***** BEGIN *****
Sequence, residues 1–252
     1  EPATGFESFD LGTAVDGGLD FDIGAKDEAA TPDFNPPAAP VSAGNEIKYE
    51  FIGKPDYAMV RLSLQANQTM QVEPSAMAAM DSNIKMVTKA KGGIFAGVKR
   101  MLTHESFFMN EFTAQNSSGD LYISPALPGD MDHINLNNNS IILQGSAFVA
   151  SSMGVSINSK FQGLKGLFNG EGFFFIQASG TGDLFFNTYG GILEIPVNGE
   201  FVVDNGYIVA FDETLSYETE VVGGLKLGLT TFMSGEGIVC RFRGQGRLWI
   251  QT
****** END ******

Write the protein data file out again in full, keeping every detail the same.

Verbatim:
Sequence, residues 1–252
     1  EPATGFESFD LGTAVDGGLD FDIGAKDEAA TPDFNPPAAP VSAGNEIKYE
    51  FIGKPDYAMV RLSLQANQTM QVEPSAMAAM DSNIKMVTKA KGGIFAGVKR
   101  MLTHESFFMN EFTAQNSSGD LYISPALPGD MDHINLNNNS IILQGSAFVA
   151  SSMGVSINSK FQGLKGLFNG EGFFFIQASG TGDLFFNTYG GILEIPVNGE
   201  FVVDNGYIVA FDETLSYETE VVGGLKLGLT TFMSGEGIVC RFRGQGRLWI
   251  QT